Advice on spindle moulder purchase

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NoviceJimbo

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Thanks to you all. Thanks Pete, back to the drawing board with a motor replacement!
Actually, I have been thinking about combination machines. Having enough space around it will be the main issue, as my garage is long but narrow and was designed I think for when cars were smaller. Worth considering though. The hammer combo table saw and moulder is tempting and is 2K.

Interesting regarding the EQ. I have asked the seller for a video of it as you recommended. A friend of mine does have a lathe so fabricating sleeves might be possible. I also have quite a few boxes of old bearings from my grandad who was a train engineer. I do quite like the EQ, it looks solid!

I have made some enquires about two SCM T110 machines, both have power feed, tilt and are a bit newer, more expensive but still under 2K.
From all the good advice from everyone, I have decided that I am not going to focus quite so much on the budget, but the machine and what it can do for me for the next 35 plus years!
Biggest thing I cannot decide upon is single or 3 phase.Western Power are giving me a quote for 3 phase.
 

Against_The_Grain

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From all the good advice from everyone, I have decided that I am not going to focus quite so much on the budget, but the machine and what it can do for me for the next 35 plus years!

My advice would be to slow down a bit and bring the focus back to the budget a bit, we've gone from a budget of £600 to well over £2000 in a matter of a few posts!

I can understand the desire to want the best possible right away, but it will honestly be wasted on a complete amateur and I feel some posters here are leading you down a path of serious expense (initial cost of the machine, some form of three-phase supply, tooling on top of that...) without any good reason for it. More power is indeed a nice luxury, but a 3hp single-phase machine such as a Sedgwick SM3 or GW will do 90% of any spindle work without any issue whatsoever and all of what you mentioned in your first post, you'll only run into problems when you're taking massive cuts at a rate of knots (less than ideal anyway) which is when the extra horsepower comes into play. A tilting spindle is indeed useful, but only very rarely and there are workarounds for doing that kind of work on a fixed spindle, reverse is also helpful but again, only very rarely.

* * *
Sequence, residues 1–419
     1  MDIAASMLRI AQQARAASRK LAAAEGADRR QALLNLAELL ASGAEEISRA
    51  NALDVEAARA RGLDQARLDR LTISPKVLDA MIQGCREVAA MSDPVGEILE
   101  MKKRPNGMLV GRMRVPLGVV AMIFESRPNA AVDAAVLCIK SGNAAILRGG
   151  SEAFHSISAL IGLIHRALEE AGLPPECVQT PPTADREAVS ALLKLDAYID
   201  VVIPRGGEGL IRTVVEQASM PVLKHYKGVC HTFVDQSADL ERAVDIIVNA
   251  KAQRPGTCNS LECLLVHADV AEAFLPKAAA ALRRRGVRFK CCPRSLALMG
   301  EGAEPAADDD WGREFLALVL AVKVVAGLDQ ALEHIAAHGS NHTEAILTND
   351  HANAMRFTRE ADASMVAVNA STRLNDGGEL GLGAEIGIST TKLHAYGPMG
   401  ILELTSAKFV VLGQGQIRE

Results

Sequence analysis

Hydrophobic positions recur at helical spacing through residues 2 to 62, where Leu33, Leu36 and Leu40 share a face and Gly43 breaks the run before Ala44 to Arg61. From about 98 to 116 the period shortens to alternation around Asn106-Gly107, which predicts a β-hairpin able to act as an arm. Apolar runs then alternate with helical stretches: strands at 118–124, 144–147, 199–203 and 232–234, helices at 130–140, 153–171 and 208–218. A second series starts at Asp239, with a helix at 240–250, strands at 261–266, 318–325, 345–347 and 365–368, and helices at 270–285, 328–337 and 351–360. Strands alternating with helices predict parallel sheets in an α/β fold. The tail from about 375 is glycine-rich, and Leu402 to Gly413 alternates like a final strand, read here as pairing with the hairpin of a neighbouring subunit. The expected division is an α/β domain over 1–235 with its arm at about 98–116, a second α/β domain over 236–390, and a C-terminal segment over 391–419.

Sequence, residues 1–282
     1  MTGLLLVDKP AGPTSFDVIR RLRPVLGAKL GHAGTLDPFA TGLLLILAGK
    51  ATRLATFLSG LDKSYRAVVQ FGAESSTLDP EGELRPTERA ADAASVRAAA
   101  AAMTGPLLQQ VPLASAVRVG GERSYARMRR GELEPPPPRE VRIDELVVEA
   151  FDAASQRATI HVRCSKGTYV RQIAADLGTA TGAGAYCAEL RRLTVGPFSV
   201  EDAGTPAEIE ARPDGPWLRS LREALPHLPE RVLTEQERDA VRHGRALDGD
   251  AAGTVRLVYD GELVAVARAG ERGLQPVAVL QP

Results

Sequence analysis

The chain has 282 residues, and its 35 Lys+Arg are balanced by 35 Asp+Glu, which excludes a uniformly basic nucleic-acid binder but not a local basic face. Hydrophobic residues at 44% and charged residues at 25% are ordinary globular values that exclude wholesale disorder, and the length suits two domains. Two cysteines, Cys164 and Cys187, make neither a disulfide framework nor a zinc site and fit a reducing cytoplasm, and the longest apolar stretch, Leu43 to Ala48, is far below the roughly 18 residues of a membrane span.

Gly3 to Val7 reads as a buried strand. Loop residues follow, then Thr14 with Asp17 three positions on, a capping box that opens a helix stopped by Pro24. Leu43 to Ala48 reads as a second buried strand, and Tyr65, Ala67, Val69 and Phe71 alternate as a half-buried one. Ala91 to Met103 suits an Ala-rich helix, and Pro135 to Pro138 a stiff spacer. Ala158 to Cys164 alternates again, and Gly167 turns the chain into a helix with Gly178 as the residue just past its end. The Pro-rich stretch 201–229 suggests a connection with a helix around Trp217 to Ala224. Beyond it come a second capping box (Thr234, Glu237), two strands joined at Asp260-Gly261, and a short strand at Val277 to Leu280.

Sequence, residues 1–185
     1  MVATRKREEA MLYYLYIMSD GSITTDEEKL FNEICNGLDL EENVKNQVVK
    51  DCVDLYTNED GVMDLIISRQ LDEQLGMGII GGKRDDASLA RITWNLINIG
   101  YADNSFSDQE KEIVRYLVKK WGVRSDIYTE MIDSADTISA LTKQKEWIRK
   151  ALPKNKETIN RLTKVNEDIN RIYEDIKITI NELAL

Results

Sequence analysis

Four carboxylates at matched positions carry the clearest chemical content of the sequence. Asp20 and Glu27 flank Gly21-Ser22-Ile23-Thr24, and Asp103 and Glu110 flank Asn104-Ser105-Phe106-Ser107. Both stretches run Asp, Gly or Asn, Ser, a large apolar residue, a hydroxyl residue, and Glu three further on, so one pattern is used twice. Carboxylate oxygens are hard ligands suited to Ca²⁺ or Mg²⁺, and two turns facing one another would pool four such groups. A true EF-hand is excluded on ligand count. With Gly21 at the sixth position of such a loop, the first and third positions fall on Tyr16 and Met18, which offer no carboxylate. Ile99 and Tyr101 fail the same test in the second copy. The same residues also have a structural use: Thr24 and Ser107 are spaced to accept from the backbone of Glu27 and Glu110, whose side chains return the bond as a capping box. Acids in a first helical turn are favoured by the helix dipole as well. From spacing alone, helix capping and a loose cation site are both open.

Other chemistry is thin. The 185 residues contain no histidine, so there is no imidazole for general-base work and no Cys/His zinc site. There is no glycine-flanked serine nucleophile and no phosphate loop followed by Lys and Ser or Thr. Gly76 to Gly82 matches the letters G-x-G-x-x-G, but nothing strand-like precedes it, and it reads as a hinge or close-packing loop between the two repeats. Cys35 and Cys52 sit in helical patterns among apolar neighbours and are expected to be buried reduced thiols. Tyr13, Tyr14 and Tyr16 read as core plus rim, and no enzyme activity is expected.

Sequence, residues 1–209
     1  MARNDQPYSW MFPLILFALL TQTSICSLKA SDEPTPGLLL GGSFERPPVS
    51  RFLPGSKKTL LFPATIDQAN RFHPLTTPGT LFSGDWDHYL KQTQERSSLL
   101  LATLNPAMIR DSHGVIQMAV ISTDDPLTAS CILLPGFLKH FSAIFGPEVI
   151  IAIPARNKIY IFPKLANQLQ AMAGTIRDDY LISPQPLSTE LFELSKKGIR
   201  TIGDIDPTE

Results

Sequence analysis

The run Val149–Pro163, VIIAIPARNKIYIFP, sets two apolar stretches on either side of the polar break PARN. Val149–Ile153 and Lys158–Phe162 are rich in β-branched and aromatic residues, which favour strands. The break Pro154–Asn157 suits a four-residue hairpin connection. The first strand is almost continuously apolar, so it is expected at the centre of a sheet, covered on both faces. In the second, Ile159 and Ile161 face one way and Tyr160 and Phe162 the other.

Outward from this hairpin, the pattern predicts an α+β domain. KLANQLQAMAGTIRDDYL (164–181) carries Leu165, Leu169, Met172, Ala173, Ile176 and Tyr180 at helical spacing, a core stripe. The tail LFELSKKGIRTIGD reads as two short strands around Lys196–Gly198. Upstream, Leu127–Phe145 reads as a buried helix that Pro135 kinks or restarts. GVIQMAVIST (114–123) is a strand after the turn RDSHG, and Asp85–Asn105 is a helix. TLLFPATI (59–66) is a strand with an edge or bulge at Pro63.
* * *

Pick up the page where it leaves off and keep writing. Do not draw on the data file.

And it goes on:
Get a smaller, more inexpensive, and more reasonable machine first, have a play, find its limitations while working with it if you even come across any, and then assess if you need a machine with more capabilities like the SCM 110s, Wadkin EQs, and what have you. There are bargains to be had on eBay and Facebook Marketplace, you just have to be patient and diligent and the right machine will appear for the right price.
 
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heimlaga

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I am saying the same yet from another perspective. Please calm down and hold onto your money.

You don't need a tilting spindle. Given time you will find a very good non tilting spindle moulder secondhand for well under 1000 pounds. The same price or mariginally more than you would pay for a lightweight hobby model. Just give it time and keep looking!

For instance I got my surplus Jonsered FM-C thrown in on top of the buy when I bought a secondhand stock feeder for 150 euros. It had lost it's fence though and fences are hard to find in the wild. However I have seen plenty of good and complete heavy duty spindle moulders in the 200-600 euro range plus let's say 300-600 euros in required rebuild costs. It is really no need to shell out money on an intermediate machine you will eventually sell at a loss. Stay calm and keep looking!
 

Against_The_Grain

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It is really no need to shell out money on an intermediate machine you will eventually sell at a loss. Stay calm and keep looking!

I would agree with the sentiment if it wasn’t for the fact that you still need to power the thing, and we’ve already found that three-phase isn’t available readily (and all the cost and headache that entails), and massive machines are just a pain in a small workshop such as a garage.

A secondhand intermediate machine such as a single-phase Sedgwick will always hold its value, and if bought at a good enough price it will actually appreciate in value as people are always searching for single-phase machines in Britain.
 

KT_NorCal

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I would just add to a previous poster's feedback.... I too have a Wadkin Bursgreen BER2. While basic (as noted, no tilt spindle), it is about as heavy duty a machine you can get into a footprint like it has. It is beautifully made (ductile iron table, not grey), hefty for its size (about 800lbs) and essentially matches the footprint of a standard cabinet saw like a Wadkin Bursgreen AGS10.